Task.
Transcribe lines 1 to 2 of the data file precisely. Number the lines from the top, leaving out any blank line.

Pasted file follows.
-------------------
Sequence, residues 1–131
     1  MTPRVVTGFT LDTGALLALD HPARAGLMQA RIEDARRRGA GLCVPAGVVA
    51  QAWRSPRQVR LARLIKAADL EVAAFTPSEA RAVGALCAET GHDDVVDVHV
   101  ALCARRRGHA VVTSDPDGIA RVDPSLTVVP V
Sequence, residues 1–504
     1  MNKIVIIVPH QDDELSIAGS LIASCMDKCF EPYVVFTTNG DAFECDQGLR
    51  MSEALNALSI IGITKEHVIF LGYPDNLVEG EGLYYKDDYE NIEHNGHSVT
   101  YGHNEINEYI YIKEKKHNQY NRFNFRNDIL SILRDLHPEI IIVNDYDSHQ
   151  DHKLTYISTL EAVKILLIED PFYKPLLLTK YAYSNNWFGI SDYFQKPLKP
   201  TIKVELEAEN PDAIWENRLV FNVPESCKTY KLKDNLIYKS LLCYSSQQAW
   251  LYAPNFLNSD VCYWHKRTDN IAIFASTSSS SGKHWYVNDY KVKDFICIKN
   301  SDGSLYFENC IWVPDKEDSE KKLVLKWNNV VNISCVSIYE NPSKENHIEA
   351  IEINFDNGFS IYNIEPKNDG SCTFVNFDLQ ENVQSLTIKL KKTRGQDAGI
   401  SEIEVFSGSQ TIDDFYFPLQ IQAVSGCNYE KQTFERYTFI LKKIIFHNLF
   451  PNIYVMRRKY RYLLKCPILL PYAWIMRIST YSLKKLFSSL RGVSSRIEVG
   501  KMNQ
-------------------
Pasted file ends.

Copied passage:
Sequence, residues 1–131
     1  MTPRVVTGFT LDTGALLALD HPARAGLMQA RIEDARRRGA GLCVPAGVVA